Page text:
Michael Lee-Chin Jr has ventured into an online business that offers loans to the unbanked and others facing challenges in accessing credit.
Lee-Chin Jr, the son of investor and bank owner Michael Lee-Chin, has joined forces with banking and finance veteran Andrew Patterson and technology and communications professional Adrian Dunkley in a start-up called Seed Investments.
Since May 2022, the trio have been testing the technology that will support a total digital microfinance operation and dealing with regulators.
Lee-Chin Jr, the oldest of three brothers, says he is not involved in his father’s multibillion financial empire, which includes NCB Financial Group, Jamaica’s top banking conglomerate.
In an interview with the Financial Gleaner he acknowledged that his company ventures into a market dominated by NCB, that is the issuing of loans, but said he subscribes to his grandmother’s dictum that “there’s room under the sun for everybody to shine”.
He also noted that he has his father’s support in charting his own path.
“I’ve never had any association with the NCB Group. I’ve always shied away from the family business,” Lee-Chin Jr said.
As to the evolution of Seed Investments, he said that in January, he started researching digital banking company Nubank, run by billionaire David Valez, and eventually came to the realisation that although there were many financial institutions, there were none in the online space that had the unbanked as their central focus.
“I thought to myself that it is really something where I can be helping people, especially those outside of the banking system,” he said.
The immediate thought was to take the business to Africa, where there is a larger population and, therefore, greater growth possibilities, but Lee-Chin Jr opted to come to Jamaica first, where he has connections and access to resources. He then put out a vague LinkedIn ad simply saying “Jamaican banker needed”, to which there were many replies, including from tellers.
Lee-Chin Jr said that after a series of interviews, Andrew Patterson turned out to be a good fit, coming as he did with his experience in the financial markets and running his own microfinance operation. The two then partnered with data scientist and head of Starapple analytics firm Adrian Dunkley. Lee-Chin Jr owns 51 per cent of Seed Investments while his two partners hold 24.5 per cent each.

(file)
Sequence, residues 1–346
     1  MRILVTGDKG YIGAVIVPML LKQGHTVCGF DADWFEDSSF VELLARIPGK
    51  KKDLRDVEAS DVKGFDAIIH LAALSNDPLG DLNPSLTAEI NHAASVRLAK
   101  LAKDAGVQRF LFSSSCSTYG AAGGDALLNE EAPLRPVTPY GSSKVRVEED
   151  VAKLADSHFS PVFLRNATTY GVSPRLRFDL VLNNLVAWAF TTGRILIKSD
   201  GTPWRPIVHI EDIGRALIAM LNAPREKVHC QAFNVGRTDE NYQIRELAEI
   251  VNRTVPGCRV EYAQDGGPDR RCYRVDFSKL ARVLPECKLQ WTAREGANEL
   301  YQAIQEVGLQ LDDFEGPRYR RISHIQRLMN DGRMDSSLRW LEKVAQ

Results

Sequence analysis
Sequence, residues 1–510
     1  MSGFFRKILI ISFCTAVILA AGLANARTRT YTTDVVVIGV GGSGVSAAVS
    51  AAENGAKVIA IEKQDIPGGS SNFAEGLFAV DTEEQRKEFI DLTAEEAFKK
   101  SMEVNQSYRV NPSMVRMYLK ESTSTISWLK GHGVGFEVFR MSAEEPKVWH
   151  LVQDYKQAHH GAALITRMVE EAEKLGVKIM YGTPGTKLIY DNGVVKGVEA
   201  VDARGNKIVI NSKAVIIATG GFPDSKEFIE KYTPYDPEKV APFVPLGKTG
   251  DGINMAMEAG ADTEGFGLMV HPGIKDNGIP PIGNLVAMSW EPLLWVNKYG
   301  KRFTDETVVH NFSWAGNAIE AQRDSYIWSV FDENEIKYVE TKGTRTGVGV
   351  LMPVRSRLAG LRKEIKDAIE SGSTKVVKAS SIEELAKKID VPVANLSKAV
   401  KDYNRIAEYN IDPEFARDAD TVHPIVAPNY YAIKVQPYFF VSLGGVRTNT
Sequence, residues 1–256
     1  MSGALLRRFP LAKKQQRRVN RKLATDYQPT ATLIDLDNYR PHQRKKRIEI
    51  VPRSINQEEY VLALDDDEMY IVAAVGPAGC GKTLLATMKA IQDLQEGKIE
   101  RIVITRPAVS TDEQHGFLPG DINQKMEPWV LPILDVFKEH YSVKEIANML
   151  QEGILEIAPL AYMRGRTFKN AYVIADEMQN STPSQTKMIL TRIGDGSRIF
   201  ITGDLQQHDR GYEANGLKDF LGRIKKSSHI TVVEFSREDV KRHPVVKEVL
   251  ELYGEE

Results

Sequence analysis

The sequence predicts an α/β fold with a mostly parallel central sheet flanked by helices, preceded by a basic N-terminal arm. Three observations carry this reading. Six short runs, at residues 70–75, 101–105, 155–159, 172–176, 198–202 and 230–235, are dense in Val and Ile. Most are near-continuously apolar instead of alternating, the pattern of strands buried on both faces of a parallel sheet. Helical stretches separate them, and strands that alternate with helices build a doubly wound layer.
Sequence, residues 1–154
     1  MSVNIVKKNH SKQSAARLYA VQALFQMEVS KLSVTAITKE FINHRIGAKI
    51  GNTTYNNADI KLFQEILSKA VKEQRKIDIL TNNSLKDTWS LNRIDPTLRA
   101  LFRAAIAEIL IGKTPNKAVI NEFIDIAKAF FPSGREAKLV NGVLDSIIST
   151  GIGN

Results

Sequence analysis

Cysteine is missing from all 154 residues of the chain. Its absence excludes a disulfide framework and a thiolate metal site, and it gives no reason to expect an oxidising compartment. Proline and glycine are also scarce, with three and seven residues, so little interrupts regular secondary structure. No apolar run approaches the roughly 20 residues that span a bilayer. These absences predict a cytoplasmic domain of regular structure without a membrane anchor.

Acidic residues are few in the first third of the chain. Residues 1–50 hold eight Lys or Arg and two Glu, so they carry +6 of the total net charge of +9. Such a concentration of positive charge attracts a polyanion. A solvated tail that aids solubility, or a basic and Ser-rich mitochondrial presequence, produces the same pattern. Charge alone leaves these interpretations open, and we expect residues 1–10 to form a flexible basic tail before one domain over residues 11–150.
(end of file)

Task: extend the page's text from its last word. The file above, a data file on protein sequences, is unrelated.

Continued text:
Lee-Chin Jr says he has put US$3 million into the start-up. The money is proceeds from the sale of property he owned in Jamaica and savings.
“I put the proceeds into launching this company with the idea that I’m going to build this company and make it profitable, enticing potential investors to grow more. First step is Jamaica, and the next step is the Caribbean,” he said.
Quizzed about the meaning behind the name ‘Seed’, Lee-Chin Jr said that after exploring a number of names, he got divine inspiration during morning prayers. “I really see this company as a ‘kingdom’ company; one that will be here for a long time. Profits will be good when they come, but they will be a by-product of us doing good. That is why we’re here,” he said.
Seed Investments will be targeting persons who do not have ready access to financing or who otherwise would have difficulty securing the necessary backing for their projects.
“Our customer is everybody, but I really have a soft spot for the underdog, the unbanked, for the underbanked,” Lee-Chin Jr said, adding that the essential difference with Seed is that the company will not look at credit history to determine loan approvals.
“We don’t look at your past. We have, through our special scripts from our data scientist, where, based on the questions we ask you, we will have a better picture of you than if you were coming into a bank,” he added.
The company will rely on data analytics to assess risk for prospective customers. Loan processing will be done via mobile phone or Wi-Fi-enabled devices. The process will be entirely digital, from application to approval to disbursement of funds.
Seed Investments became operational on Monday, October 24, but is not yet able to grant loans, saying it is still awaiting Bank of Jamaica approval.
The central bank, which recently took over the oversight of microlending institutions, requires all new and existing players to acquire a licence to operate.
Lee-Chin Jr says for now, his company will concentrate on customer engagement and marketing until approval is granted to issue loans.